“More than 12,000 have been infected and 125 people have died over the past two months in Pakistan after coming down with dengue fever, a health department spokesman said Friday,” CNN reports (Habib, 10/1). Citing the same numbers, WHO spokesperson Tarek Jasarevic said the agency is providing support for “case management, community mobilization, vector control and public awareness campaigns,” according to the U.N. News Centre. “Last year, 11,024 confirmed cases of dengue fever and 40 deaths were reported in Pakistan, but this year the number of cases has climbed to 12,466,” the news service writes (9/30).

Also In Global Health News: Ethiopia Food Aid; Male Circumcision Drive In Tanzania, Swaziland; Drugs For Developing Countries; Sexual Violence In DRC; HIV/AIDS In India; Peru’s Dengue Outbreak

Ethiopian Government Says 2.8M Ethiopians Need Emergency Food Aid “Ethiopia and the United Nations said on Monday 2.8 millions Ethiopians will need emergency food aid in 2011, and appealed for $227 million to fund programmes for the first six months,” Reuters reports (2/7). According to Bloomberg, a drought in the Somali…

FAO Issues Alerts On Flood Damage In Southern Africa, Drought In China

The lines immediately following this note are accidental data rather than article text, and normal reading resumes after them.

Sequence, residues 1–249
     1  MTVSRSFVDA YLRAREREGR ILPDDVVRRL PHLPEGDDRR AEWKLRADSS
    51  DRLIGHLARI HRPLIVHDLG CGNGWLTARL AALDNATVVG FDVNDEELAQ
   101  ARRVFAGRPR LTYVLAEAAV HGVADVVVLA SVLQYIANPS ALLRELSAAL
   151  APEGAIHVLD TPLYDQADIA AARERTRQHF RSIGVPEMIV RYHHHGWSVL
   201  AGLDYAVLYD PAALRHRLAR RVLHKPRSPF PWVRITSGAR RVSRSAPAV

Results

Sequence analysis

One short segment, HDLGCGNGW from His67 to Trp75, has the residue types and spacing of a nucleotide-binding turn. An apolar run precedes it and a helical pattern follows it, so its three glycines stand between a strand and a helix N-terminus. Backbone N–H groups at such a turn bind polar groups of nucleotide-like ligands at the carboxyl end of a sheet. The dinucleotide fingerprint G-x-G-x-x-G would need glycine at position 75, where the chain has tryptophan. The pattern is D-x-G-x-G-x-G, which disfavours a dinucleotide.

The U.N. Food and Agriculture Organization (FAO) on Monday issued an alert warning that “floods and heavy rains have significantly damaged whole areas of agricultural land across southern Africa and that the livelihood and food security of farmers and their families are at risk,” the Associated Press reports (2/7).

Also In Global Health News: Tanzania, MDGs; Malnutrition In Guatemala; Energy-Efficient Cookstoves; Health Issues Facing Refugees From Ivory Coast; China’s Pollution Problem

Tanzania Unlikely To Reach MDG Targets, Local Organizations Say “Local organizations say that it’s unlikely for Tanzania to achieve targets set under the U.N.’s Millennium Development Goals (MDGs) by 2015 because the country is still besieged by pervasive unemployment, high levels of poverty, escalating child mortality and counterproductive rural-urban migration,”…

Also In Global Health News: Integrating HIV, Maternal/Child Health; Food Shortages In N. Korea; Climate ‘Vulnerability Index’; Premature Infants In Bangladesh; Sanitation In Niger; Cholera In Ghana

IRIN/PlusNews Examines Efforts To Integrate HIV/AIDS Treatment And Maternal, Child Health Care IRIN/PlusNews examines Kenya’s efforts to integrate maternal and child health care and HIV/AIDS services as a way to ensure more pregnant women and mothers living with HIV/AIDS receive the treatment they need. The article describes the success of…

Also In Global Health News: Latent HIV; Nanovaccine Delivery; Investing In Disaster Preparedness In Pakistan; Gates Foundation Funding Journalism

Researchers To Test If Alcohol, Cocaine Addiction Drug Can Reduce Latent HIV Reservoirs Researchers from the University of California, San Francisco, and Johns Hopkins University are recruiting patients to examine whether a drug prescribed to treat alcohol and cocaine addiction can reduce the amount of latent HIV among HIV-positive patients already taking…